The Pope’s Strike Against Climate Change

Courtesy of The New York Times
Photo Courtesy of The New York Times

by Alexandre Baude

Staff Reporter

       The future of the world’s ecology is uncertain. Many first world countries are in the spotlight regarding decisive action that needs to be taken. On Sept. 15, world leaders met at the U.N. to debate sustainable goals for 2030. As a guest speaker, they had invited Pope Francis who addressed everyone with a clear message.    

       “Any harm done to the environment… is harm to humanity,” Pope Francis stated. “We human beings are part of the environment. We live in communion with it, since the environment itself entails ethical limits which human activity must acknowledge and respect,” he continued. This furthers his argument that countries need to act sooner rather than later. In fact, they will have the opportunity to do so this November to December during the 2015 United Nations Climate Change Conference, also known as CMP11, in Paris. During this year’s CMP11, many are expecting and hoping that stricter international laws will be made to lessen the damage being done to the Earth.

       The Pope’s speech is another example of the growing congruence between religion and science to promote a sustainable environment. As head of the Catholic Church, the Pope holds an enormous amount of influence over many people, and the hope is that this speech will push for greater support from all peoples.

         In an interview with sophomore Jeremy Greer, Greer spoke regarding his feelings towards Pope Francis’ address.

       “As a general supporter for environmental activism, I really liked how there is now a connection between the Pope and sustainability,” Greer said. “It may be because of my EA major too, but change needs to happen. I hope this country and others listened to him thoughtfully, and begin to take active steps. After all, it’s the Pope saying it.”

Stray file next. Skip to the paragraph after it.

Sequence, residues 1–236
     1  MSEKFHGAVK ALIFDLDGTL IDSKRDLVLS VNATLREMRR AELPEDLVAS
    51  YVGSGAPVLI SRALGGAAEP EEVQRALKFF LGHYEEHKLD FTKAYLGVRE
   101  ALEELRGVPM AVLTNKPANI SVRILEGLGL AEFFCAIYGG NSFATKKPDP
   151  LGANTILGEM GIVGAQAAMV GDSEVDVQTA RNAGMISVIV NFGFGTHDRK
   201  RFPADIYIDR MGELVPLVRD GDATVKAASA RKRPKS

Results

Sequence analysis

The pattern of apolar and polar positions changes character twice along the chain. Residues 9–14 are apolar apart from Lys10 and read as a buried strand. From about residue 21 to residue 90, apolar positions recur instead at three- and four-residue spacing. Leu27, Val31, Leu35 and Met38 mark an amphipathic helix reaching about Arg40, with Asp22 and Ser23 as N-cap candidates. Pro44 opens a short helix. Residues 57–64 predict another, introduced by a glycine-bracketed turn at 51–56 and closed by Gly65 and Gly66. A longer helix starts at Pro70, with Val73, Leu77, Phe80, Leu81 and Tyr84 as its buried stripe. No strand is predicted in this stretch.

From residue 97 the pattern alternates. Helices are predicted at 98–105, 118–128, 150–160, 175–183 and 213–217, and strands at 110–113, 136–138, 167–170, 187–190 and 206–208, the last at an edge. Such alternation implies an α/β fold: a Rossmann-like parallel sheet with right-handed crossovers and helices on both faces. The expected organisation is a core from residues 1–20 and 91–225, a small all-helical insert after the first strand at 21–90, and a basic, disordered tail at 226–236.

This idea of “it’s the Pope saying it” may be the spark needed to garner greater action from communities, both religious and agnostic, to push their local authorities for active reform this coming December.

       The main obstacle in the way of such change is power and money. In the Pope’s own words, he attributes the cause of our global problem to a “selfish and boundless thirst for power and material.” In other words, materialism, which is at the heart of our own and other capitalist societies. Countries are constantly trying to increase their economies by any means, although to some form of constraint, while environmental laws decrease a country’s ability to do so. Ergo the clash and stalemate.

       The Pope urged the council to set aside those ideologies and to band together for the common good, a healthier planet for our children and children in other countries. Whether or not his message will impact the U.N.’s CMP11 meeting later this year is yet to be determined. However at the conclusion of his speech, which not only addressed Climate Change, but many other social injustices, he was met with a resounding standing ovation.

       While not a victory in terms of action, the public worldwide now knows of Pope’s support for action against climate change. In some sense of the word victory, it’s a step in the right direction. All that remains to be seen is whether or not the collective effort of his voice, and voices all around the world, is enough to overthrow the materialistic ideology plaguing our world, our humanity, and ourselves.

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